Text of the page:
21.2.2024 | Haulage

Demand for new trucks grows for second year running as more businesses go green

46,227 new trucks of all types, sizes and technologies were put on the road last year, representing the best annual total since 2019. 

  • UK’s new truck market grows for the second consecutive year, up 13.5% to 46,227 units in 2023 – the best performance since 2019.
  • Demand soars for rigid and articulated trucks, rising 14.7% and 12.2% respectively.
  • Zero emission HGV registrations triple year on year, but at just 0.5%, market share uptake must accelerate quickly to meet the UK’s 2035 truck target.
  • A national plan for public and depot infrastructure is needed urgently to boost operator confidence in electric and hydrogen trucks.

Demand for new heavy goods vehicles (HGVs) grew for the second year running with UK registrations up 13.5% in 2023, according to the latest figures published today by the Society of Motor Manufacturers and Traders (SMMT). Some 46,227 new trucks of all types, sizes and technologies were put on the road last year, representing the best annual total since 20191 as more businesses invested in their fleets.

Mike Hawes, SMMT Chief Executive, said,

Two years of growing demand for the very latest, fuel-efficient trucks amid testing times reflects these vehicles’ importance to the British economy – and with some HGVs facing the same 2035 end-of-sale date as cars and vans, the sector is also critical to our green goals. The increasing availability of electric and hydrogen models – and record demand for them – is encouraging market growth, but operators need cast-iron confidence to switch. More than ever, the government must compel truck infrastructure rollout and provide a signal that the time to invest is now.

The bulk of new HGVs were rigid trucks, up 14.7% to 24,439 units – more than half (52.9%) of the market – while demand for articulated trucks was also strong, rising 12.2% to 21,788 units. More specifically, the most popular truck body type continues to be tractors, typically used for the largest delivery trucks, up 12.4% to represent some 46.4% of the market. Demand for box vans – typically used for chilled and fragile goods distribution in urban areas – rose 19.2%, while uptake of curtain-sided trucks and refuse vehicles increased by 37.4% and 14.4% respectively. Tipper registrations declined, however, down -9.2% compared with a strong 2022.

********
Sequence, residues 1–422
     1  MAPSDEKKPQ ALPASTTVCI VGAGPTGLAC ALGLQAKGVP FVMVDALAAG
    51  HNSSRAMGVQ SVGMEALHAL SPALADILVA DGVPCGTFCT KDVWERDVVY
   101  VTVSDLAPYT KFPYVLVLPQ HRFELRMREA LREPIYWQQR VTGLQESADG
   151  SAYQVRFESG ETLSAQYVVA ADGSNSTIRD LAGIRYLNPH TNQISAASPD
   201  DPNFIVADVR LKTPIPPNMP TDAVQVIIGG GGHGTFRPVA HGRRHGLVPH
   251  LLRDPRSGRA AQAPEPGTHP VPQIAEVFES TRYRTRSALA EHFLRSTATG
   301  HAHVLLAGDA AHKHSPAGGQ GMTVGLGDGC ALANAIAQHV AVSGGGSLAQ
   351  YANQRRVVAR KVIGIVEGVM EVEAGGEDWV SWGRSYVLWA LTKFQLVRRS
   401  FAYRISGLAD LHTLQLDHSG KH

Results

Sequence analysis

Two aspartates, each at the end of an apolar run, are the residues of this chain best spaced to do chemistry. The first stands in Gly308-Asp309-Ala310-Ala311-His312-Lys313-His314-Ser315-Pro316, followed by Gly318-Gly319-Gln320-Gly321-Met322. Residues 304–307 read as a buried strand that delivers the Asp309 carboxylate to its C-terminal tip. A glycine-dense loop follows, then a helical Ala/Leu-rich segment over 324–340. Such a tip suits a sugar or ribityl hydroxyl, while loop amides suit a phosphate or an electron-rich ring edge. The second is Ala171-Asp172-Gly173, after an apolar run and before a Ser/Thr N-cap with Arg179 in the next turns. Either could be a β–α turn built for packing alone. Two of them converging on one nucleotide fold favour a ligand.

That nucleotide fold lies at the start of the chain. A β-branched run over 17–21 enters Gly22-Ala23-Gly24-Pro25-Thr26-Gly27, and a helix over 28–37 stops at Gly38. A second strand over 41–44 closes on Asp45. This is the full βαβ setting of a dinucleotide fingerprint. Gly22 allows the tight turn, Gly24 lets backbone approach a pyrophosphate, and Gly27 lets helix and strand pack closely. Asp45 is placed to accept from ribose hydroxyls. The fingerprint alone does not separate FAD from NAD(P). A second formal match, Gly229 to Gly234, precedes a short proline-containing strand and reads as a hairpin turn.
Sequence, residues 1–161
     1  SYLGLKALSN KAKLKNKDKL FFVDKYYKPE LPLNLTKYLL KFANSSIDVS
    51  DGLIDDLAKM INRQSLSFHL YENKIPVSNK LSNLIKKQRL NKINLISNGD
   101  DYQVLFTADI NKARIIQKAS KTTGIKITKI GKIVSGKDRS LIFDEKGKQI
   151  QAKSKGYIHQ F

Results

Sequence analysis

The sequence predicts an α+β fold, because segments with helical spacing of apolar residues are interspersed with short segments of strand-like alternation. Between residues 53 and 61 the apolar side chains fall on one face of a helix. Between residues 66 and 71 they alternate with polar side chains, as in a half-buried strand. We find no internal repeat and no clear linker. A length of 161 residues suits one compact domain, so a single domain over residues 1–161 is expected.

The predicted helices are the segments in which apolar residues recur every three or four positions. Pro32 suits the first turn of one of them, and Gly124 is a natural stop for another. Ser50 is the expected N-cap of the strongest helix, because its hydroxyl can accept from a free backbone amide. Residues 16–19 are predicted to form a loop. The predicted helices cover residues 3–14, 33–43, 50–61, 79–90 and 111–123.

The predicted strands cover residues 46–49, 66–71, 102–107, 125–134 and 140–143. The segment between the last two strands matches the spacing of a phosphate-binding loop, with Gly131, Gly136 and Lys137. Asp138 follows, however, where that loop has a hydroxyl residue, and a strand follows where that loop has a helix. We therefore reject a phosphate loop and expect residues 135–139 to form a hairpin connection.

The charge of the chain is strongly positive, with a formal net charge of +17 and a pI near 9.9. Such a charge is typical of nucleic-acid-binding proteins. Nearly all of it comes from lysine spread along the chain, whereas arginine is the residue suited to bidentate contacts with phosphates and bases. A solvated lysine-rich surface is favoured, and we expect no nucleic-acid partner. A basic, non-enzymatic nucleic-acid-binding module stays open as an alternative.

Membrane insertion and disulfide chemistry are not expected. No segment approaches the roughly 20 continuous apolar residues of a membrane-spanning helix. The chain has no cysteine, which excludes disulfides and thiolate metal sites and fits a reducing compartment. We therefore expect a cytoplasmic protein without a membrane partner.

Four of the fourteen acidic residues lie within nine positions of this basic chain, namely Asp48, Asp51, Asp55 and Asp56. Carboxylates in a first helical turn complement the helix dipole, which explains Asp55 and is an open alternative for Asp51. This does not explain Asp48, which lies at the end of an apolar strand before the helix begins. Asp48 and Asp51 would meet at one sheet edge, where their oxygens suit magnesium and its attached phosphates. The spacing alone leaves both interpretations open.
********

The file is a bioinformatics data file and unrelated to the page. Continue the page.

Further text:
Truck operators in every UK nation made more vehicle investments, with the vast majority (87.5%) in England, rising by 13.3%. Fleet renewal in Scotland and Wales also grew by 16.9% and 6.5%, respectively, while Northern Ireland saw the biggest percentage growth, up 19.7% – albeit with small volumes that are naturally subject to volatility. Britain’s biggest region for truck demand continues to be South East England, the location of several large ports, accounting for more than one in five (20.8%) of all registrations. North West England and the West Midlands, meanwhile, made up 14.4% and 12.1% of all UK demand respectively. Robust demand nationwide means that UK uptake is now just 4.8% or 2,308 units below pre-pandemic 2019 levels.

A growing choice of models also means operators are investing in new zero-emission trucks, with electric and hydrogen registrations up more than threefold in 2023 – by 265.6% to 234 units.2 While this is progress, these vehicles account for just 0.5% of the market and the clock is ticking with the end of sale of new, non-zero emission trucks under 26 tonnes coming in 2035.

Operators need certainty that making the switch will be commercially viable against tight margins. The benefits are clear, including a reduced carbon footprint and more efficient operations, but there are acute concerns over the lack of public chargepoint infrastructure. After the UK’s first truck-dedicated public chargepoint opened in the North West last year,3 government’s Budget in less than three weeks must match ambition with action. A national chargepoint strategy needs to include support for HGVs – in depots, at rest stops and on motorways – in every part of the UK.

Meanwhile, with less than one full cycle of truck fleet renewal remaining before 2035, it is imperative that the government sends the signal to the market that the shift to zero-emission vehicles must accelerate. Businesses that fail to do so risk delaying the benefits of decarbonisation, putting a smooth, stable transition of the market in jeopardy.

The full report can be found here.